Ever heard of them? When I was little, my beloved Nanna taught me how to make a bed with ‘hospital corners’.
I was very proud of my ability to make a bed with seamless and flat lines, tucked into the nth degree.
Over the years, though, I have struggled to maintain this standard, finding that keeping a bed pristine is just a tiny part of my day. But instead of just not worrying about it, I would leave my bedroom – mine and my hubby’s personal sanctuary – a total mess with not just an unmade bed, but a room filled with chaos.
And my emotions swirling around: frustration. Disappointment in myself. Self-disgust.
I don’t think I really understood the deeper reason behind why making a bed – hospital corners, or not – is important until the past week or so.
It’s not about making the bed.
Or even about keeping your sanctuary tidy.
It’s deeper than that.
It’s about self-respect.
Wow. As I write this, it is sinking in even more deeply. The years that have gone by that I can now see I had little self-respect.
I didn’t understand the power that comes from respecting my own space; that being clean, tidy and organised isn’t about keeping up with the Stepford Wives, but about truly loving who I (and my family, by extension) am.
I was chatting with a friend about this topic and his words were so perfect on this topic that it just has to be shared. Here is what he said about the value of making the bed:
For me, it wasn’t ‘hospital corners’; it was ‘tight enough to bounce a coin’…
I’m a little slack with this. But I can tell you that the days when I at least throw the cover to be ‘made’, at a minimum, end better: and that means the next day starts better…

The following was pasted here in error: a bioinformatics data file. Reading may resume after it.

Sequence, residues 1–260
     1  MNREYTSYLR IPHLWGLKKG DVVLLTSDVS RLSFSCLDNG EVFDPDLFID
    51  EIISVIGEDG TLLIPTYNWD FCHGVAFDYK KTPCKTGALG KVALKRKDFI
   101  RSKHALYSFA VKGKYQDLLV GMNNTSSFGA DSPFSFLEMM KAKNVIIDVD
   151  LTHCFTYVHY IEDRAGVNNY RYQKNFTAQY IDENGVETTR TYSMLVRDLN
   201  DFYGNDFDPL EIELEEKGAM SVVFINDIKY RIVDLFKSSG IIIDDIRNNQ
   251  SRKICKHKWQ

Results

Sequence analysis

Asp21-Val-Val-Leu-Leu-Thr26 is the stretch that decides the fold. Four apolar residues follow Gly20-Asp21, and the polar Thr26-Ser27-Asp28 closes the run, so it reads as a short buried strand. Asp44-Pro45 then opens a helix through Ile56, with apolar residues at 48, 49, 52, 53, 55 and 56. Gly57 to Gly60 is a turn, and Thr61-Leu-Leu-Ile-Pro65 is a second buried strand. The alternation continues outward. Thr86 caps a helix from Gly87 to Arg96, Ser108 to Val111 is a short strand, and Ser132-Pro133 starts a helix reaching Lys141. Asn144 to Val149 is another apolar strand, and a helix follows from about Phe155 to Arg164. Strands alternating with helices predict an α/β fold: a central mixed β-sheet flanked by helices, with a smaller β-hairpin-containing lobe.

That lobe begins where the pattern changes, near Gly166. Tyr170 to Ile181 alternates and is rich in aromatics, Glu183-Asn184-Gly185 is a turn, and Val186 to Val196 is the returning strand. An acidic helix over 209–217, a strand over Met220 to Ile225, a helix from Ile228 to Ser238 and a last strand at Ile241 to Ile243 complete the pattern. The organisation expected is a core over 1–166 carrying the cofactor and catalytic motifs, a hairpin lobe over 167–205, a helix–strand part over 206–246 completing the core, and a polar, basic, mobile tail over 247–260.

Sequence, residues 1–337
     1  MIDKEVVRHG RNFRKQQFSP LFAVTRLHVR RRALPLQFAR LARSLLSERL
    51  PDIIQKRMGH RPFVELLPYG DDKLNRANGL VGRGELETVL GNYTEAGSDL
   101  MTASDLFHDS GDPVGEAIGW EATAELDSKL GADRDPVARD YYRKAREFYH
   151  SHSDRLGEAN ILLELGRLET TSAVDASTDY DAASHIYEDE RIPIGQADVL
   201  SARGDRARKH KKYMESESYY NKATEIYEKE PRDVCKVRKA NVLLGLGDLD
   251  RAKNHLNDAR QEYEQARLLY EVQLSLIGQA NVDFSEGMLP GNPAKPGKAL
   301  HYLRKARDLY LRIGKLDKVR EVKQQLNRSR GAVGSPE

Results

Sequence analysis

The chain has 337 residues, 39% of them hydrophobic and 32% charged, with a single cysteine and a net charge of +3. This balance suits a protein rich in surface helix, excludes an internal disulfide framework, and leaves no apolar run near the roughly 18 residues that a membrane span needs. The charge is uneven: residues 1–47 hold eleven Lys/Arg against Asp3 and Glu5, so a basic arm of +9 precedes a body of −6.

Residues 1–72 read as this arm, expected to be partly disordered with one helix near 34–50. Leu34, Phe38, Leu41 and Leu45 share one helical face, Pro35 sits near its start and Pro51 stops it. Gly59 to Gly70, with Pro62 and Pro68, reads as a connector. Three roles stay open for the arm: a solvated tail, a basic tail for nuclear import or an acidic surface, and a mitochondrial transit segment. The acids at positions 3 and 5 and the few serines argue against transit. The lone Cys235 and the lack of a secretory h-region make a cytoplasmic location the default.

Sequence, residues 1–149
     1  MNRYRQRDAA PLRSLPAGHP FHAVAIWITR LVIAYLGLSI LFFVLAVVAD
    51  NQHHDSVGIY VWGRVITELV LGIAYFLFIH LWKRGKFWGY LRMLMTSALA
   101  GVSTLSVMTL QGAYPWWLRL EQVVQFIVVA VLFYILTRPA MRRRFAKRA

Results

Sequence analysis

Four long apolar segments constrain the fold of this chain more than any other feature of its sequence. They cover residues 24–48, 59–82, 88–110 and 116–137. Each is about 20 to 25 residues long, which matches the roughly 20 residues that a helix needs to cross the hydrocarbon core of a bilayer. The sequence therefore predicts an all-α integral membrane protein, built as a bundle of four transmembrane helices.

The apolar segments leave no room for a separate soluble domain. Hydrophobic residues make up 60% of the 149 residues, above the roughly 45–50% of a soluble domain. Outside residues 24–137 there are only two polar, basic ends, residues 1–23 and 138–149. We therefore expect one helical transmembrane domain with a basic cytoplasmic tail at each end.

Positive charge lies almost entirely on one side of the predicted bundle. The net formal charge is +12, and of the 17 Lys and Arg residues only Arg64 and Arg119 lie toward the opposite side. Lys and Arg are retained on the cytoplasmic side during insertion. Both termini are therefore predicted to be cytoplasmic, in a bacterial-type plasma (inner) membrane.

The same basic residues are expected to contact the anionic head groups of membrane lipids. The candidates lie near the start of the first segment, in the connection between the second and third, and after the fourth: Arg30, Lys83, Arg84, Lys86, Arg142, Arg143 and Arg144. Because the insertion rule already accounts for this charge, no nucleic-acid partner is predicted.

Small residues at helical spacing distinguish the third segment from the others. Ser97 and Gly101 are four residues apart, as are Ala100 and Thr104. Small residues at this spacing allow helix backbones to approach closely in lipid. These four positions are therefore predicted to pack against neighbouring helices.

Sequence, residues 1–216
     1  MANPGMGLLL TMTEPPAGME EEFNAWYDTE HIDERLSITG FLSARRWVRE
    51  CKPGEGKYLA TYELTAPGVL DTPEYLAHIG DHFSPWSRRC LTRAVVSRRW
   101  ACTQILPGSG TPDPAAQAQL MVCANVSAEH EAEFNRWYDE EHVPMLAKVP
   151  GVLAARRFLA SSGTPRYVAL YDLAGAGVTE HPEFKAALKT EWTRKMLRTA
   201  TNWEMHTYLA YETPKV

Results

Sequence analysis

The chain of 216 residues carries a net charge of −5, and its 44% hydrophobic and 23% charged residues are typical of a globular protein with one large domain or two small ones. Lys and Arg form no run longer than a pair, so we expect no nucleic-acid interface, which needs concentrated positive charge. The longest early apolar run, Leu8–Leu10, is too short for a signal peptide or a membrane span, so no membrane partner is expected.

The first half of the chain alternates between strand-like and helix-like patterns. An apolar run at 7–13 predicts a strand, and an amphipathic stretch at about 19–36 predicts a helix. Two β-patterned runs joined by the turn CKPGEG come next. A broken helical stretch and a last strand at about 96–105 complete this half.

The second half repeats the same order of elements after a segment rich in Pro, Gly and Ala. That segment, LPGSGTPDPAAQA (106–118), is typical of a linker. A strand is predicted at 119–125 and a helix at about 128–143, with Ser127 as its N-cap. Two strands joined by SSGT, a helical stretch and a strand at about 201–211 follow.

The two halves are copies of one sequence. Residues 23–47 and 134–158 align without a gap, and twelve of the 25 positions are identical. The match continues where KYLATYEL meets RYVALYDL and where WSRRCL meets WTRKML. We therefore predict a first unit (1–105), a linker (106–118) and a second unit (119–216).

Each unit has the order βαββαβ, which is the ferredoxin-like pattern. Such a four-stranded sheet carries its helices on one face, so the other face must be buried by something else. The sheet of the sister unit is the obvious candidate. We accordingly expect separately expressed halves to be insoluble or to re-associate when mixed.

The point is that by making the bed we show ourselves that we are allowing ourselves the time to ‘fix errors’ especially if we are going through a busy period. This one small act:
Shows us. Shows the world. That we have the patience to resolve an issue.
I’d say you are more likely to make the bed when you’re swamped and hospital corners may come out!
On that point, it’s also about activating the parts of the memory for the day’s events. I prepare the day with an act of simple patient organisation: this act will seep through all my deeds. As I look back through the day (and the longer I take to make the bed) I rest my memory on a deed of neat, organisation.
If I come across a problem and think ‘I want to go to bed’, the bed was made: it will help me to think of ways to resolve the problem.
Arch Angle Studos
I’ve chosen today’s made bed to show you something. There are no ‘hospital corners’. It’s just a made bed. The pillows are just thrown on there.
And that’s okay.
Because it’s about self-respect, and today, tired as I am, have made my best attempt. And I am at peace with that.
Tomorrow I might have hospital corners. Or I may never choose to make that effort again.
But I know now that I will respect myself. And if that starts with a made bed, so be it.
Miriam E. Miles is a prolific writer, establishing her personal blog in 2006, RedLine Writing Services in 2013 and Christian Mental Wellness Australia in 2016. She writes poetry, music and prose about reconciliation, family, faith and mental wellness and is currently working on her first novel, Reconciled. A wife, mother and grandmother, she’s passionate about family and living an authentic life. &nsp